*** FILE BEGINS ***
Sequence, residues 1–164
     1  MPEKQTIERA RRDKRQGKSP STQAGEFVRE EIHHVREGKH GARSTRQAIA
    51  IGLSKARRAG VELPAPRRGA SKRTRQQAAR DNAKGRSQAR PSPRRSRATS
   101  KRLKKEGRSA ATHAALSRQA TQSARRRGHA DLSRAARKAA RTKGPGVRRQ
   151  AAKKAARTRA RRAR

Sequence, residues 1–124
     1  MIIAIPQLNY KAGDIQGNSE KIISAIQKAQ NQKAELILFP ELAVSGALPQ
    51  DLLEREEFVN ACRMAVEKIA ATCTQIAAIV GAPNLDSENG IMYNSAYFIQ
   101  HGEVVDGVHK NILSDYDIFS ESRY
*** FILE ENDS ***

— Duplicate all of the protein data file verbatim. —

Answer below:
Sequence, residues 1–164
     1  MPEKQTIERA RRDKRQGKSP STQAGEFVRE EIHHVREGKH GARSTRQAIA
    51  IGLSKARRAG VELPAPRRGA SKRTRQQAAR DNAKGRSQAR PSPRRSRATS
   101  KRLKKEGRSA ATHAALSRQA TQSARRRGHA DLSRAARKAA RTKGPGVRRQ
   151  AAKKAARTRA RRAR

Sequence, residues 1–124
     1  MIIAIPQLNY KAGDIQGNSE KIISAIQKAQ NQKAELILFP ELAVSGALPQ
    51  DLLEREEFVN ACRMAVEKIA ATCTQIAAIV GAPNLDSENG IMYNSAYFIQ
   101  HGEVVDGVHK NILSDYDIFS ESRY